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Parx is only casino with child-abandonment problem

The most recent incident is the 10th since February 2010. The casino may be fined if the problem persists.

For all its success, Parx Casino in Bensalem has a problem it can't seem to shake: negligent adults going in to gamble and leaving children alone in vehicles.

The latest incident - the 10th since Feb. 18, 2010 - involved a 29-year-old man, who was arrested and jailed Saturday after security officers discovered his 6-year-old daughter unattended in a locked car in the parking lot.

In a separate but similar case, Frances Casey, 39, of Abington, was charged Monday with endangering the welfare of children and will be issued a court summons. Police said she left her two nephews, ages 1 and 2, and a 9-year-old niece, in her automobile on July 16 - also for at least 17 minutes - while she gambled at Parx.

The Bensalem casino, consistenly ranked No. 1 in revenue among Pennsylvania's 10 gambling halls, said Monday it was further beefing up security. Yet, the casino took measures last summer, when children were left in cars baking in high temperatures. Parx installed cameras in the parking lot, signage, and police patrols.

Parx spokeswoman Carrie Nork-Minelli said in an e-mail reponse: "We have the highest level of security and surveillance in place, thus identifying the situation in mere minutes on Saturday. The Parx security team vigorously patrols the parking lots every day to combat this type of occurrence, as well as any other inappropriate or unlawful behavior."

The casino, she said, works closely with the Bensalem Police Department in patrolling the parking lot.

Violators are permanently evicted from the property.

"This is the action of irresponsible adults, and we do our best to combat it with the highest level of security and surveillance possible," Nork-Minelli said.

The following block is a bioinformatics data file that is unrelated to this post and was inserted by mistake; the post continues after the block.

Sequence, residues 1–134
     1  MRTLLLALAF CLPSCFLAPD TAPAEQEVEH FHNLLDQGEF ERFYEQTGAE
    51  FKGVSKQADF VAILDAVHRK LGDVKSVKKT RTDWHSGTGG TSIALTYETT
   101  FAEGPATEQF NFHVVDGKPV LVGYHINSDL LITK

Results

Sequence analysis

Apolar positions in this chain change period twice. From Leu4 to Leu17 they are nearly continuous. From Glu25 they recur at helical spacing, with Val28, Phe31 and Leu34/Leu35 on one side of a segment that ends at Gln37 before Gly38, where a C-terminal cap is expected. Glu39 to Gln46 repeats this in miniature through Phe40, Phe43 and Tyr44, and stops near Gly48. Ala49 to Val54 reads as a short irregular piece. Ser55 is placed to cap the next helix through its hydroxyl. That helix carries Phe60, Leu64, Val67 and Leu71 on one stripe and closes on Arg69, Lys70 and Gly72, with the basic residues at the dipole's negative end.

Still, critics of the casino industry and counselors who treat addiction say that Parx's ongoing problem is reflective of gambling's addictive nature.

Jeffrey Beck, clinical director at the Council on Compulsive Gambling of New Jersey, said 95 percent of those who gamble socially do not have a problem and use it as a form of entertainment and can control it.

"But for the other 5 percent, it becomes a problem, and often, a pathological problem," he said.

Six million to nine million Americans are pathological gamblers, according to the National Council on Problem Gambling in Washington.

Beck said the difference with Parx and Atlantic City casinos is that patrons "have a place to put their kids in Atlantic City. There, you have the Boardwalk, but with Parx, there really isn't [any place]."

No other Pennsylvania casino has had issues with tots left in cars that rise to the problems at Parx.

The Pennsylvania Gaming Control Board said those charged with endangering the welfare of children are put on a self-exclusion list. So far, the board has placed eight individuals - all caught at Parx - on such a list.

"Since it keeps happening [at Parx], at some point, we need to think about fining the casino, as well as the parents, to force them to be more aggressive in policing the area," Beck said.

Doug Harbach, spokesman for the state Gaming Control Board, said no fines had been levied against Parx for the incidents involving children abandoned in cars. However, he said, the board requested a plan of action from the casino to mitigate the problem and is closely monitoring it.

The Parx review will now include Saturday's arrest of Michael Roytman, 29, of Huntingdon Valley, for leaving his 6-year-old daughter unattended for at least 17 minutes in his car. Roytman was charged with endangering the welfare of a child and recklessly endangering another person. He was arraigned and sent to Bucks County Prison in lieu of $75,000 bail.